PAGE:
KFC Apologizes For Highly Offensive Faux Pas

KFC issued an apology to German citizens for its marketing campaign that encouraged celebrating Kristallnacht, what is considered to be the beginning of the Holocaust, with its cheesy chicken product.

By Charlene Badasie | Published

The KFC fast food chain in Germany has issued an apology for encouraging customers to celebrate Kristallnacht by eating cheesy chicken. Known as “the night of broken glass,” Kristallnacht refers to the pogroms against Jewish people in Germany and Austria carried out by Nazis in November 1938. It is widely considered to be the beginning of the Holocaust.

“Commemorate Kristallnacht! Treat yourself to more soft cheese and crispy chicken. Now at KFCheese!” the message sent via the fast good giant’s app said. About an hour later KFC sent out another message with an apology for the faux pas, blaming it on a system fault. Speculation suggests that the message was computer generated, with the text to promote its cheesy chicken being automatically connected to anniversaries and events to boost sales.

But social media experts in Germany were surprised that the eatery had no mechanism in place to pick up on the blunder. Instead, the company remained oblivious unless they were told that the message had been broadcast. “The notification contained an obviously unplanned, insensitive, and unacceptable message,” KFC said in their apology via CNBC. “We understand and respect the gravity and history of this day, and remain committed to equity, inclusion, and belonging for all.”

KFC Germany issued another apology statement to the Jerusalem Post and went into more detail about how the erroneous message was released. The fried chicken giant said it uses a semi-automated content creation process linked to calendars that include national observances. But for some reason, the company’s usual review process was not properly followed. That resulted in a non-approved notification being shared with customers.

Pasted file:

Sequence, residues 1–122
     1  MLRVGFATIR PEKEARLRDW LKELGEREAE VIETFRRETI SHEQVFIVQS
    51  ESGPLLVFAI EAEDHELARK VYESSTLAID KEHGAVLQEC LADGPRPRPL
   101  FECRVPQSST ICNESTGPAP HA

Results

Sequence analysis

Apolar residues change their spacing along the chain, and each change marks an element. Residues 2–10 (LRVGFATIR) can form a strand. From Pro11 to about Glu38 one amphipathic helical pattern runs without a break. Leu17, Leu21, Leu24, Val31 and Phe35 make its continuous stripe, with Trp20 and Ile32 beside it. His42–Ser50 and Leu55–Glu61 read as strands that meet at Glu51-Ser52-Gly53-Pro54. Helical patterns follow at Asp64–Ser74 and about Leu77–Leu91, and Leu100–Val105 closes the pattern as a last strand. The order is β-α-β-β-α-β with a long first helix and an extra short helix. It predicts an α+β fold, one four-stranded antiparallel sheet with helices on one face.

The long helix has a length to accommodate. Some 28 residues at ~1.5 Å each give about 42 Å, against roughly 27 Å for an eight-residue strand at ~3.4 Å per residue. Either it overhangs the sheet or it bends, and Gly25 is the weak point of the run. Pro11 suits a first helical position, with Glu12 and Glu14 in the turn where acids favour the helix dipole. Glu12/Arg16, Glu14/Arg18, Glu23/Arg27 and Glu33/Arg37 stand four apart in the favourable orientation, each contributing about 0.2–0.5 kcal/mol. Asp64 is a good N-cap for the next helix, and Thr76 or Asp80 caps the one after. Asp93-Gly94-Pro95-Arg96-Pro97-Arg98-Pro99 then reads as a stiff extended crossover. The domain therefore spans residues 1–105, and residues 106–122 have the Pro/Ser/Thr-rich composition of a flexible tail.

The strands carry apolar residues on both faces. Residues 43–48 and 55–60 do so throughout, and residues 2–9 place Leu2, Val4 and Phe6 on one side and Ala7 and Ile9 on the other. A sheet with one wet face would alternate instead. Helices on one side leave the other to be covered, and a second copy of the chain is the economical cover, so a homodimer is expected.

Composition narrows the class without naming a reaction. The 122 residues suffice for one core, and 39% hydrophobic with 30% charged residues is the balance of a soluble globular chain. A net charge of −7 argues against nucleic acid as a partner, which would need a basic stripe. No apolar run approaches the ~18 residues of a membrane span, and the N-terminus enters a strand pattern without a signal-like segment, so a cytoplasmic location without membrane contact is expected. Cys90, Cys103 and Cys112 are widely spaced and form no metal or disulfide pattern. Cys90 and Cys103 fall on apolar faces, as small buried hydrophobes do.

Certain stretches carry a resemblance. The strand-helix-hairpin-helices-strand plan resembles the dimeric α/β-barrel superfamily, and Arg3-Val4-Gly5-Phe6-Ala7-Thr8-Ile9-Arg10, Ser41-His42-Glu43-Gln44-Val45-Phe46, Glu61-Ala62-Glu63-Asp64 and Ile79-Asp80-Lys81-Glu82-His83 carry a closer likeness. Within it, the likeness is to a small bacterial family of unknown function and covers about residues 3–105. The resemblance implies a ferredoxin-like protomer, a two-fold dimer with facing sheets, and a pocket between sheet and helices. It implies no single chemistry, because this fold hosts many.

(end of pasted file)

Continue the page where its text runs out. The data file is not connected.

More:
The company added that it has suspended all app communications to make sure the mistake doesn’t happen again. Still, outrage ensued on social media and via the German press, with various publications calling the mistake tasteless. Others (via The Guardian) scoffed at KFC’s apology and said the incident was simply “fast-food advertising at the cost of the remembrance of the victims of the Nazi regime.”

In Germany, the November 9th anniversary of Kristallnacht is treated with the utmost respect. There are numerous memorial events and discussions scheduled to reflect the Nazis’ murder of more than six million Jewish people, BBC News reports. Speaking about the incident, Director of Public Affairs at the Board of Deputies of British Jews Daniel Sugarman, described the original KFC message as absolutely hideous, noting that despite the apology, the damage had been done.

The unfortunate KFC incident, and subsequent apology, are reminiscent of other fast-food advertising slogan blunders. McDonald’s in Portugal previously used the campaign slogan “Sundae Bloody Sundae” in a Halloween campaign for its ice-cream puddings. It pulled the campaign after protests, insisting the promotion did not refer to Bloody Sunday in 1972 when British paratroopers shot dead demonstrators at a civil rights march in Derry, Northern Ireland.

Away from KFC’s faux pas and apology, recent Anti-Semitic comments from Kanye West and NBA player Kyrie Irving have added to concerns about rising hate aimed at Jewish communities. In response to the rapper’s comments, Adidas and Gap pulled his Yeezy clothing brand from their stores. Irving also lost his deal with Nike.